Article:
FCC Proposal to Help Responders Locate 911 Callers in Multi-Story Buildings

The commission proposed a vertical location accuracy metric of plus or minus 3 meters relative to the handset for 80 percent of indoor wireless 911 calls, tentatively concluding that location accuracy metric—within 3 meters above or below the phone—would be sufficiently accurate to identify the caller's floor level in most cases and would be technically feasible under the timeframes established in the Enhanced 911 rules.

The Federal Communications Commission on March 15 adopted a proposal intended to help first responders more accurately locate people who make wireless 911 calls from multi-story buildings. The proposal would assist 911 call centers in identifying the floor level where the 911 call occurred, which can reduce emergency response times and save lives, according to the agency.

The proposal is part of the commission's ongoing effort to improve its Enhanced 911 location accuracy rules, which require wireless providers to automatically transmit to 911 call centers information on the location of wireless 911 callers. The rules require wireless providers to meet what FCC describes a an increasingly stringent series of location accuracy benchmarks in accordance with a timetable, including providing the caller's "dispatchable location" (such as the street address and apartment number) or vertical location on a phased-in basis beginning in April 2021.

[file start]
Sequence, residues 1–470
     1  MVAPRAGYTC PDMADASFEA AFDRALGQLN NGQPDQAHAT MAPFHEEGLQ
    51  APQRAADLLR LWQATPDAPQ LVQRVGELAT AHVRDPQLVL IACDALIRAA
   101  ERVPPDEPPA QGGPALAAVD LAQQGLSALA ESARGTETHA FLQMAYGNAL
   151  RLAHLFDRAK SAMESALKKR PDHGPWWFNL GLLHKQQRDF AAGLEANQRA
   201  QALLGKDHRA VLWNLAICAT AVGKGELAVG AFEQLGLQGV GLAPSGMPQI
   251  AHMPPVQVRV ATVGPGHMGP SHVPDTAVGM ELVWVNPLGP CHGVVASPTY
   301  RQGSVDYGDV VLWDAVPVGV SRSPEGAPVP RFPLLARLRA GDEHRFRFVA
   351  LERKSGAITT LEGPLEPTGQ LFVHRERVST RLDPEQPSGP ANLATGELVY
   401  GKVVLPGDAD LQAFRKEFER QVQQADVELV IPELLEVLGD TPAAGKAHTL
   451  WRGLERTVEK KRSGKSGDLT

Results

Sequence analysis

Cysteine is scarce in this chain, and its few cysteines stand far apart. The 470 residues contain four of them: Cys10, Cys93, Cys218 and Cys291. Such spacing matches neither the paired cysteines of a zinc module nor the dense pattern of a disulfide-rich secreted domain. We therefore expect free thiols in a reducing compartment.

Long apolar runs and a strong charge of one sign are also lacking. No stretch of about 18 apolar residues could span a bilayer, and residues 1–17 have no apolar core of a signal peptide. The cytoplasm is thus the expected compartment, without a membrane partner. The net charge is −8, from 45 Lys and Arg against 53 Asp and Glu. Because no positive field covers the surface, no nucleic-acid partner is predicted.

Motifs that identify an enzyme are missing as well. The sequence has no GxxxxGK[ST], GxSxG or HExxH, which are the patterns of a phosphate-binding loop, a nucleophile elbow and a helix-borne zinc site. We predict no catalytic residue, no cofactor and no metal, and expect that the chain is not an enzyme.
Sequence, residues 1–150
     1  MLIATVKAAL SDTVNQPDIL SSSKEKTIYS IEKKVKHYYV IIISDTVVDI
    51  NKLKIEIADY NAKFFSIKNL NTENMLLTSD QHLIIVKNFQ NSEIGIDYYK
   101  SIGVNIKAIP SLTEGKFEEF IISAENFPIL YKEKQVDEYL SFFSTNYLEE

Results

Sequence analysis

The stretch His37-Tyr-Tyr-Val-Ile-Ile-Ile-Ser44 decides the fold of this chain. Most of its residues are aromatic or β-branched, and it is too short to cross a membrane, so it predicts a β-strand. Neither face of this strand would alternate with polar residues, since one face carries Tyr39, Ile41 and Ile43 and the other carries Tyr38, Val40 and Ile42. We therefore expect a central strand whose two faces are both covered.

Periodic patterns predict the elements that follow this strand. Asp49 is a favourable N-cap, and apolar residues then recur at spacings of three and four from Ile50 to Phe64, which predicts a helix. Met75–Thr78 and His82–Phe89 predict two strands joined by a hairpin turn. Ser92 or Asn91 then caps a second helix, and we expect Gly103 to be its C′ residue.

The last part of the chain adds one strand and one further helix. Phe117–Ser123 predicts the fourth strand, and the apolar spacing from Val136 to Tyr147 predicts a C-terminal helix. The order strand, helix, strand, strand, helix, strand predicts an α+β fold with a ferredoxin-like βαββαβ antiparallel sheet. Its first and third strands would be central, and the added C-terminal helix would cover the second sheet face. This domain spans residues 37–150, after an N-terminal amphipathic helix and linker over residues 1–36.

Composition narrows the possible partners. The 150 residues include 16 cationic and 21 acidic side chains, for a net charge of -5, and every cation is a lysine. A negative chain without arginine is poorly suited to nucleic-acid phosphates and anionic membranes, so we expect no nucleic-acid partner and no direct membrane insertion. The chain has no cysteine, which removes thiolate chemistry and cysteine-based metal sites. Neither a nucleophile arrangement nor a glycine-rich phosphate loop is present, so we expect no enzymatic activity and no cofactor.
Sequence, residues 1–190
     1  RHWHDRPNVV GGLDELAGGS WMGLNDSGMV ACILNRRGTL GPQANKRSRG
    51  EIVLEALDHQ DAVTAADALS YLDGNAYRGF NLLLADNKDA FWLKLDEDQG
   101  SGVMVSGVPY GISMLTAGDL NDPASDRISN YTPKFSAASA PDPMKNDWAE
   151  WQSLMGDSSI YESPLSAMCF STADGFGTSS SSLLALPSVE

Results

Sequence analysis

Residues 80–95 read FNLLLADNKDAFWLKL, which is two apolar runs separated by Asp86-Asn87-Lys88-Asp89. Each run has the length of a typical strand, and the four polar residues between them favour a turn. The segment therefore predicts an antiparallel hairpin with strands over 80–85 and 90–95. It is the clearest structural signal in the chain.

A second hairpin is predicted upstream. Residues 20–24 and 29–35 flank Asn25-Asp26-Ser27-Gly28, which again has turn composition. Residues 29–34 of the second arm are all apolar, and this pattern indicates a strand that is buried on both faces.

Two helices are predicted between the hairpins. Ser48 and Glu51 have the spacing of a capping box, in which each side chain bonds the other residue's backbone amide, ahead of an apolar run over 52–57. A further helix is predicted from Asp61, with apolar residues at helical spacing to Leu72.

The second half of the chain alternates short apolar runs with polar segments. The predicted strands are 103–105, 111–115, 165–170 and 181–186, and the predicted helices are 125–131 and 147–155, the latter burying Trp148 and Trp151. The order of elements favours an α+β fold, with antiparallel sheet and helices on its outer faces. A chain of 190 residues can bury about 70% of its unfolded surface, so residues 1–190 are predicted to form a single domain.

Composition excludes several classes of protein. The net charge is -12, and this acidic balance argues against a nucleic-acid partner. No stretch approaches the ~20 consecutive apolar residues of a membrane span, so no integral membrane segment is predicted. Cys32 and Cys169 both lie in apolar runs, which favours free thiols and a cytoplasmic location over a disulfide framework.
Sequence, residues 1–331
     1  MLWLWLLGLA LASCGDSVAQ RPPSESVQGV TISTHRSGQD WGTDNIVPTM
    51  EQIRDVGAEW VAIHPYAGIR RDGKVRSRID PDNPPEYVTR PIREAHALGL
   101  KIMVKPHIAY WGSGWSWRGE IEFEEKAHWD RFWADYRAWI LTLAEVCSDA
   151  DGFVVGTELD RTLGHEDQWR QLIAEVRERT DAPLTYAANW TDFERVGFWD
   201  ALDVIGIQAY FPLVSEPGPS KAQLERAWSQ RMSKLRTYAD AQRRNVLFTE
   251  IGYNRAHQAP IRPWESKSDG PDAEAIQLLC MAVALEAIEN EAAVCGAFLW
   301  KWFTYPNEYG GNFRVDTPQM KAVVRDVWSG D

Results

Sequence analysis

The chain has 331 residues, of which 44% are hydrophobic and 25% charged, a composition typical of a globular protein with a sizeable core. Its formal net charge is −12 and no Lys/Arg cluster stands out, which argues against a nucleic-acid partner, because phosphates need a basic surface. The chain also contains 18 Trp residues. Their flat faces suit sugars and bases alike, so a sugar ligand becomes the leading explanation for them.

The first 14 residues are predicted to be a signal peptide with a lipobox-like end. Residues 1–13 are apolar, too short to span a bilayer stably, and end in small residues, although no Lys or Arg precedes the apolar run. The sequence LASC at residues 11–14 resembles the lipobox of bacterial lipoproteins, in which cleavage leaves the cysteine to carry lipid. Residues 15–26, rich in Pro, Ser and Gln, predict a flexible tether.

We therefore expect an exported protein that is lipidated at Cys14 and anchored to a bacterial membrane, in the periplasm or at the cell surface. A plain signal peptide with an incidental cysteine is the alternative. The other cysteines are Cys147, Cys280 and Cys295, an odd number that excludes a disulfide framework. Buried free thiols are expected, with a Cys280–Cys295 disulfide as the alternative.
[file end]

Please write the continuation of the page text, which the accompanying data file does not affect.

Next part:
The commission had deferred a decision on a specific vertical location accuracy metric until it received additional testing data, which FCC said has now occurred.

The commission proposed a vertical (or "z-axis") location accuracy metric of plus or minus 3 meters relative to the handset for 80 percent of indoor wireless 911 calls, with the commission tentatively concluding that location accuracy metric—within 3 meters above or below the phone—would be sufficiently accurate to identify the caller's floor level in most cases and would be technically feasible under the timeframes established in the Enhanced 911 rules.

FCC Chairman Ajit Pai and Commissioners Michael O'Rielly and Brendan Carr approved the measure; Commissioner Jessica Rosenworcel dissented; and Commissioner Geoffrey Starks approved in part and concurred in part.

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